DHS plans to require more shipping cargo info
Importers and carriers that ship cargo to U.S. ports would have to file additional information about shipments electronically before their arrival under a rule the Homeland Security Department has proposed.
The planned regulation, published last week for comment, would require importers to electronically file 10 additional elements describing the cargo, and carriers to submit two additional pieces of information about the containers and conveyances in which cargo is loaded on ships. For example, the rule would require that carriers submit “a stow plan” no later than 48 hours after departure from the last foreign port. Bulk carriers would be exempt from the new requirements.
Officials have required certain information 24 hours prior to the loading of containers in ships bound for the United States since 2002.
But, CBP officials say, internal and external government reviews suggest that more advance data will provide “more effective and more vigorous cargo risk assessments” than the current protocol, which relies on a ship’s manifest information or cargo declaration.
Furthermore, the new regulations would satisfy Security and Accountability for Every (SAFE) Port Act of 2006 requirements for additional information about cargo destined for the United States.
Under the proposed regulations, importers would be required to transmit their security filings through a CBP-approved electronic data interchange system — either the Automated Broker Interface system or the Vessel Automated Manifest System.
CBP says it is trying to align the data requirements to those of the World Customs Organization’s SAFE Framework. CBP estimates the proposed rule would affect 11 million import shipments carried by more than 1,000 companies.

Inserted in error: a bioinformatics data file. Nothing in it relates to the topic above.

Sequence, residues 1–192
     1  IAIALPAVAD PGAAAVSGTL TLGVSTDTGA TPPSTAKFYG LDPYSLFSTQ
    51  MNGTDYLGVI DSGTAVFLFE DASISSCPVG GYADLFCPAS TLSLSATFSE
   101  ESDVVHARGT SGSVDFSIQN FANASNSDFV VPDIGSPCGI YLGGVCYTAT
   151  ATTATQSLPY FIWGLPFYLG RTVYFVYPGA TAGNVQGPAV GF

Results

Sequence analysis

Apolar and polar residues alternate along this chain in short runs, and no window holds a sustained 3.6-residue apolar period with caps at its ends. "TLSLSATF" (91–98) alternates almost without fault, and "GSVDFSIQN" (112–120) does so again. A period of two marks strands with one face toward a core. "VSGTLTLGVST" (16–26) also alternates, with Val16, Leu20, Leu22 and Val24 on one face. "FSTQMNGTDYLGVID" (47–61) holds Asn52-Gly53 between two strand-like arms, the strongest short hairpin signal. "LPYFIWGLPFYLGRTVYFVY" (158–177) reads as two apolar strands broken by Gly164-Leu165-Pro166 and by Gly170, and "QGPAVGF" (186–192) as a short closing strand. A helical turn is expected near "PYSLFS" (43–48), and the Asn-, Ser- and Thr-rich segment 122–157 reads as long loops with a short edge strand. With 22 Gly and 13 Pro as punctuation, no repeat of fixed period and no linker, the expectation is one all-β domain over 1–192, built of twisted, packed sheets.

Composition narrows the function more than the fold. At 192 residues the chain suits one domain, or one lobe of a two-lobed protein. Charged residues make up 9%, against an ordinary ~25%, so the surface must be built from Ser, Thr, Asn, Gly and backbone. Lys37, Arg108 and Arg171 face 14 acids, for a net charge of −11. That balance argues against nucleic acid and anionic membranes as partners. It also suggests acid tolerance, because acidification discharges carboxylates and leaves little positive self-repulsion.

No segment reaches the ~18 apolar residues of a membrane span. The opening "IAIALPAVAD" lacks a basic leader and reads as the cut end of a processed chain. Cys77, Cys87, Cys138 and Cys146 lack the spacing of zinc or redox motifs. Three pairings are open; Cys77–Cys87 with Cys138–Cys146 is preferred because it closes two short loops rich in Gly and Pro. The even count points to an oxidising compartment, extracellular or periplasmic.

In the proposed rule, the agency said that the new plan, which would cost shippers hundreds of millions of dollars per year, represents the best balance between cost and security. The costs are so high because of the large volume of shipments, not high per-transaction costs, the agency said, noting that Importer Security Filings would only add up to an average of $38 per shipment. Vessel stow plans would cost $12 to $84 more per trip.
In the Federal Register, the agency also makes the case that the effects on international shipping are minimized because the Importer Security Filings are required to report the cargo that will be shipped 24 hours in advance of arriving, while the container itself may be brought to the seaport at a later time.
The public has until March 3 to comment on the proposed rule.
Under the proposed “10+2” requirements, importers would have to file the following information:
- Manufacturer or supplier name and address.
- Seller or owner name and address.
- Buyer or owner name and address.
- Ship-to name and address.
- Container stuffing location.
- Consolidator or stuffer name and address.
- Importer of record number/foreign trade zone applicant identification number.
- Consignee numbers.
- Country of origin.
- Commodity Harmonized Tariff Schedule number.
Carriers would have to submit:
- A vessel stow plan.
- Container status messages, which report the fullness of the containers and other movements.
Ben Bain is a reporter for Federal Computer Week.